I'm posting this a day late; I'm wiped out! I'm seriously out of shape if just standing around for nine hours and decorating wreaths makes me this stiff and sore (especially my feet). It's been a lot of fun, even so. Besides the rare pleasure of spending hours using my hands, wonderful materials, and my creativity, I get to catch up with a lot of interesting and lovely people I only see at this time of year.
The first wreath is really slow going since I have to reacquaint myself with the wreath materials and decorating routine. First we find a work space with an easel, pull out our pruning shears and other tools, and tie on an apron. Then we get our nametags and our first assignment from the front desk. Then we take a little tour around the church basement that's been converted into our workshop to scope out the greens, the dried materials, the berries, the glittery trims, and the ribbons sitting in tubs arranged by colors. We gather what we like and get down to it. All the naked little wreaths are sitting upstairs, outside, tied up by the half dozen and stacked into little towers, waiting to be turned into Art.
I can see from the clock that my first oeuvre, a "Hanukah wreath," took me about three hours. This customer returns wreath materials from previous years so we can reuse them. I was given an entire box of stuff, including three dead blue bows. I would not have chosen these giant silver pinecones, but that's what there was. We made her a fresh bow and I add some new silver pearls and silver-sprayed eucalyptus berries to the recycled stuff.
Per usual, wreaths look better in person than they do in photos. I now realize that this is true of all wreaths not just mine, so I am trying to relax about it. In person, many wreaths done by the other volunteers are exquisite. And when I try to photograph them, it just doesn't capture their beauty.
Some of us are worried about a pinecone shortage. In previous years, we were drowning in pinecones, so people stopped gathering and storing them for December. Now we're down to the rejects from last year. Almost all of the good ones were used up last year.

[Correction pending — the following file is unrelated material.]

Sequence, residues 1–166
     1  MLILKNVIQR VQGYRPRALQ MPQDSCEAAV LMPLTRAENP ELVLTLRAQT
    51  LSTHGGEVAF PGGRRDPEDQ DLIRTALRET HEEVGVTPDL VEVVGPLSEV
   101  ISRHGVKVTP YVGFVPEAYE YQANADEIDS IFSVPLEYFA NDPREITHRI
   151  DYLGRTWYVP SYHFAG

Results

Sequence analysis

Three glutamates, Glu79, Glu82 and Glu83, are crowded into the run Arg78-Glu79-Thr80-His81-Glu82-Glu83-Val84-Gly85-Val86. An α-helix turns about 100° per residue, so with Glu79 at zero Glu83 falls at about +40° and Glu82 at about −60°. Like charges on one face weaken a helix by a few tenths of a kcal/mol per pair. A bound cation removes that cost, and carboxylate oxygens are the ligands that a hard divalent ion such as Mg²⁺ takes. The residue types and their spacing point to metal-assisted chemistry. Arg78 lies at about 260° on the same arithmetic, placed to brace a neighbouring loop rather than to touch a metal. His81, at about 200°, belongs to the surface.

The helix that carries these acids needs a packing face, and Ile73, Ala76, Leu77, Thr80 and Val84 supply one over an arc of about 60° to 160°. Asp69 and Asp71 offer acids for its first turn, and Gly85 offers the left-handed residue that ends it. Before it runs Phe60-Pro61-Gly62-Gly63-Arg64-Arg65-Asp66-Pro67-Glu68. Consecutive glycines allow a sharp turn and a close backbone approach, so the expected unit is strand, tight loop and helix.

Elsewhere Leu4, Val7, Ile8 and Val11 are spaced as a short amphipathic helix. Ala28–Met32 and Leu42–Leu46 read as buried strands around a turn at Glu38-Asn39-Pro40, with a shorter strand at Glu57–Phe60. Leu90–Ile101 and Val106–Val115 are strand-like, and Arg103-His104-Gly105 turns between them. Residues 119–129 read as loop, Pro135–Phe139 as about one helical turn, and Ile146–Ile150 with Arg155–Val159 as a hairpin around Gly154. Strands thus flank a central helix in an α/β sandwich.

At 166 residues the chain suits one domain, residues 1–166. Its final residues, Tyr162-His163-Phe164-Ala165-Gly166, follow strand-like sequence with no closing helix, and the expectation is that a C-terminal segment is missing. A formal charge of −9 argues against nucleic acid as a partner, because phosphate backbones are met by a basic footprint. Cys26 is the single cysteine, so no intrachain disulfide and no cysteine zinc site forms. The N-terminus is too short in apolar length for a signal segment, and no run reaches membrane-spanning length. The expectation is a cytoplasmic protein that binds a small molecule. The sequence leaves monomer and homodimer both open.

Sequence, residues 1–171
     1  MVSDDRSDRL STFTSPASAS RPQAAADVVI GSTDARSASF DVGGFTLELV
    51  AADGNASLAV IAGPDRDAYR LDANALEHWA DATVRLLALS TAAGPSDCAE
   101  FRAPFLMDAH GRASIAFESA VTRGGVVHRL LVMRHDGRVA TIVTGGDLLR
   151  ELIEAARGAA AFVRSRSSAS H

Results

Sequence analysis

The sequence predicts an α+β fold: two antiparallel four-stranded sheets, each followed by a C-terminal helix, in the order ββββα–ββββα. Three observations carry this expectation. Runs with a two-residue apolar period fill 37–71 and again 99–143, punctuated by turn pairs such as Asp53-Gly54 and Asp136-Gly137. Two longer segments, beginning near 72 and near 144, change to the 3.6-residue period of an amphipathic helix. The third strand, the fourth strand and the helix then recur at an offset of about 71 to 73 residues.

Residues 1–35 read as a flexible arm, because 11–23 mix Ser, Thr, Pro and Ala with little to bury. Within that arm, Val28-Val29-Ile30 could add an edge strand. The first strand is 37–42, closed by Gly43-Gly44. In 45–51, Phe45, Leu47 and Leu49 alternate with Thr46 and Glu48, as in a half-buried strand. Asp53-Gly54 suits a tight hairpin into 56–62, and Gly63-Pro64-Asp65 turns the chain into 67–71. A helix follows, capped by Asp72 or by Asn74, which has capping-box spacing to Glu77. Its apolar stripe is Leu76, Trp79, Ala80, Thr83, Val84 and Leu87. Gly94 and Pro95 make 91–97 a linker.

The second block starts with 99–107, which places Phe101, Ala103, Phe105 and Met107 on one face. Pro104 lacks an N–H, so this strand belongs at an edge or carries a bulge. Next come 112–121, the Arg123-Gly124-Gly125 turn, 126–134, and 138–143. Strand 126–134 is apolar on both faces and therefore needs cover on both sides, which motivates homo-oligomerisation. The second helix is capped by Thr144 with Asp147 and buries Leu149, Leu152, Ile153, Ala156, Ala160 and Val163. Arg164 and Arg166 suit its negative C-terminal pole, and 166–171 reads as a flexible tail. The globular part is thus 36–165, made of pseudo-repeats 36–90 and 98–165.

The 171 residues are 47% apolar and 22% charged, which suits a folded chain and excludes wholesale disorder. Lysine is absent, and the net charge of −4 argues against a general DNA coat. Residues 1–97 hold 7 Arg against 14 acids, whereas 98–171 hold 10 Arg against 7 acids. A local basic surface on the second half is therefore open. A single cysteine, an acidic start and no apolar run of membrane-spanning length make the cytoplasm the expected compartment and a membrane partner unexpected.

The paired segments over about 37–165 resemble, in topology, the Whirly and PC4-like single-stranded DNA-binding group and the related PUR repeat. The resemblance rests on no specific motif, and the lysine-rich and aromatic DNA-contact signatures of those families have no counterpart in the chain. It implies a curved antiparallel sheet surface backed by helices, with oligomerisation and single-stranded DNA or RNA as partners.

You might think that a pinecone is a pinecone, but you would be wrong. I'm sure that any member of the Garden Club could enlighten you at length about the various qualities of pinecones and what makes a good one. They come in a surprising array of shapes, sizes, colors, densities, and degrees of flimsiness. Some are good and some are simply bad. The best ones are sort of fat and short, and either reddish or pale golden. The white pine ones are sticky and flimsy, and look better with metallic spray. We don't usually bother with anything smaller than about the size of a fun-size Snicker bar.
It seems I can't decorate a wreath without pinecones, and I'm not alone in this, so we weighed emergency measures: either buying pinecones (expensive) or going on a foraging excursion. Club veterans more experienced than I keep mental lists of which cemeteries, parks, and so on have good supplies, from Concord to the Cape. But we are too busy to go. So we just fretted and kept using up the inventory. I should mention that everyone tries to hoard her favorite materials; a lot of swapping, coaxing, and even pilfering goes on every year, and gets worse through the week as supplies dwindle.
I suppose squirrels are like this when it comes to nuts.
As you can see, a looming pinecone famine didn't stop me from squandering the supply. These wreaths are also fluffed up with cedar and white pine, and have eucalyptus berries, and holly. Holly leaves behave badly after a few days so I've clipping my sprigs down to the berries and twigs. These are going to hang on a couple of adjoining townhouses on Beacon Hill:
A plaid bow is always an excuse for me to explore color:
I decorated five wreaths and added bows and shaped/pruned a few more. Last year, we were shorthanded and had a large number of orders. This year, we switched a few things around so we have a less demanding schedule and can enjoy the process more. More people are volunteering, too. It's working really well. Everyone was getting their projects done without having to rush — and also having a good time.